Ann Arbor (Informed Comment) – In a great historical irony, the immediate future of Israeli politics may depend on the Israeli branch of the Muslim Brotherhood.
After the recent Israeli election, the fourth in less than two years, long-serving prime minister Binyamin Netanyahu once again appears to be falling short of attracting 61 members of the Israeli parliament or Knesset to his coalition. Netanyahu is currently in court being tried on corruption charges.
Raoul Wootliff at The Times of Israel reports that two of Netanyahu’s rivals may have reached an agreement to alternate as prime minister.
Yair Lapid, a former journalist and author of thrillers who dropped out of high school, leads the centrist “There’s a Future” (Yesh Atid) party, which represents Israel’s secular middle classes. He is disliked by Israel’s far right religious parties because he wants ultra-Orthodox seminary students to be subject to conscription into the army. Yesh Atid has 17 seats in the 120-member Knesset or Israeli parliament.
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Israel’s centrist former television anchor Yair Lapid, the prime minister’s main challenger, arrives to cast his vote at a polling station in Tel Aviv on March 23, 2021 on the fourth national election in two years. – Lapid has become one of the strongest challengers to Prime Minister Benjamin Netanyahu in this election. (Photo by JACK GUEZ / AFP) (Photo by JACK GUEZ/AFP via Getty Images).
Naftali Bennett, a dot com multi-millionaire whose family emigrated from the U.S., leads the New Right (Ha-Yamin Ha-Hadash or just Yamina), which tries to appeal to center-right voters across the secular-religious divide. It only has 7 seats in parliament.
Obviously, neither of these leaders has a clear mandate to rule, and only if they can jointly form a coalition with 61 members of parliament can they come to power. Lapid would have to put together a coalition of centrist, right-wing and left-wing parties,and Bennett would have to bring along his seven seats.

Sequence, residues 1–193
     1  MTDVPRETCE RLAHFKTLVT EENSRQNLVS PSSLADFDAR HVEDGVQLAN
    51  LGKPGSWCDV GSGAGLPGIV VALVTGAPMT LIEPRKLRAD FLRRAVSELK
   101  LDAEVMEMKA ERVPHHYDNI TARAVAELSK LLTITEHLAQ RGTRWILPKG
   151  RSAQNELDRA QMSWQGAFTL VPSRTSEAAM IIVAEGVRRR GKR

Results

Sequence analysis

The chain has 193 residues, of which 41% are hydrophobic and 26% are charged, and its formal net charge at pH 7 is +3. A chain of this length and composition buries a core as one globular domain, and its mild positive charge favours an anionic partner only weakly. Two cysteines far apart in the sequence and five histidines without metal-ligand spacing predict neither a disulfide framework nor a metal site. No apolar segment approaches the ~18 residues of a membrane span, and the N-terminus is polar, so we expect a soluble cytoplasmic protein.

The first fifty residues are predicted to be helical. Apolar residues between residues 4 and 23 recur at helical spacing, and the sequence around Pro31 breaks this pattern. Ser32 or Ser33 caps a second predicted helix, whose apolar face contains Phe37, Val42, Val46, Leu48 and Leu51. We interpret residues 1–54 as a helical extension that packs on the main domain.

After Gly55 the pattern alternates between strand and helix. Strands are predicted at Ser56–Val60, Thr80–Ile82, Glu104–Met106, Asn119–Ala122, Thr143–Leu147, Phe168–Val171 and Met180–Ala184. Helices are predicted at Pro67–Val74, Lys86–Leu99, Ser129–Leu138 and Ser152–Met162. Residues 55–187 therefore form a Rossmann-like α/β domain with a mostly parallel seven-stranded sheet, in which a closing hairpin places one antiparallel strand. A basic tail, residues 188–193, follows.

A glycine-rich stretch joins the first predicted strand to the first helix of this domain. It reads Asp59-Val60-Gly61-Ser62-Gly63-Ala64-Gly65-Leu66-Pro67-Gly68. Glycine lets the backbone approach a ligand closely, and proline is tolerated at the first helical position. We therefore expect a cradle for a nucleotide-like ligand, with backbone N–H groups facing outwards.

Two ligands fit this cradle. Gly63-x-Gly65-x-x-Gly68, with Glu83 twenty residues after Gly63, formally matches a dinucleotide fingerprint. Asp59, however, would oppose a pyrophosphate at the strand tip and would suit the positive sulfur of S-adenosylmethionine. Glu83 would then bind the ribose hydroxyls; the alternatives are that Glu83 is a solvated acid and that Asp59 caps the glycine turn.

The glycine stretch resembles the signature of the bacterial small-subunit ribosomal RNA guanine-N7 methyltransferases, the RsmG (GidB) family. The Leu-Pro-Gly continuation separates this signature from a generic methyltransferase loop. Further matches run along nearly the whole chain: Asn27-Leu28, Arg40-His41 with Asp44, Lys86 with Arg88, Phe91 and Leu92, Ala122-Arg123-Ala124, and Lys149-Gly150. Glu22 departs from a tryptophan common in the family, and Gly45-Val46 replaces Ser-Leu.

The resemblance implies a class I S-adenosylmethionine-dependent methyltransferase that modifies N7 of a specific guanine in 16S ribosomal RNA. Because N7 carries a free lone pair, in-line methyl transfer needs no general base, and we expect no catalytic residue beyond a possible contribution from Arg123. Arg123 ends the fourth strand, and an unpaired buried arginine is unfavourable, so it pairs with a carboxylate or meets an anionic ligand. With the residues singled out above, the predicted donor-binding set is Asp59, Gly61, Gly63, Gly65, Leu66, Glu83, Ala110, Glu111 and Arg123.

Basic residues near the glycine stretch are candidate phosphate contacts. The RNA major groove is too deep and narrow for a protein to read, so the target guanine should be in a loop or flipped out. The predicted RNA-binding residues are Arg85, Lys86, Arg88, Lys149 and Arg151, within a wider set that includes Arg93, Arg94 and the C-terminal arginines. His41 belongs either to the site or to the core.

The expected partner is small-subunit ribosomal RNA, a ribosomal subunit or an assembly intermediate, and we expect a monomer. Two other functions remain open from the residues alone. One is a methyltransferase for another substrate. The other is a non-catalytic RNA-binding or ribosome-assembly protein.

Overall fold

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Naftali Bennett, leader of the Israeli right-wing Yamina (‘New Right’) party, addresses supporters at his party’s campaign headquarters in the Mediterranean coastal city of Tel Aviv early on March 24, 2021, after the end of voting in the fourth national election in two years. (Photo by Gil COHEN-MAGEN / AFP) (Photo by GIL COHEN-MAGEN/AFP via Getty Images).
The March election was not really a right-left contest but one between those who continue to be willing to support Netanyahu and those who can’t stand the sight of him.
Centrist, center-left and right wing parties that campaigned against another term for Netanyahu included Yesh Atid, as well as former general Benny Gantz’s Blue and White. both centrist and having 25 seats between them; along with left-wing Labor and Meretz, who have 13 seats between them. The right wing Yisrael Beytenu (Israel Our Home) of Avigdor Lieberman and New Hope of Gideon Saar (Likud defectors) have 13 seats between them. The center-right and center-left coalition would thus need the support of the right wing parties. Lieberman, who represents the secular Russian-origin Israelis who hate the religious parties and have come to despise Netanyahu, has tied himself to Benny Gantz, the centrist, so who knows, maybe he could put up with Lapid. Saar and New Hope, with 6 seats, are undecided as to which coalition they will join.
Then the Palestinian-Israeli Joint List has 6 seats and would be willing to back the centrist coalition without demanding cabinet seats. This situation is, of course, racist, since if the Joint List supports the government and keeps it in power, it should get a cabinet seat. That is a red line for Israeli politics so far, however, rather as if the US had a rule that Blacks could not serve in the cabinet or be heads of congressional committees.
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SHEFA AMR, ISRAEL – MARCH 23: Ayman Odeh (at the rostrum), leader of Arab Joint List addresses supporters from their campaign headquarters in the city of Shefa Amr, Israel on March 23, 2021, after the end of voting in the fourth national election in two years. (Photo by Mostafa Alkharouf/Anadolu Agency via Getty Images).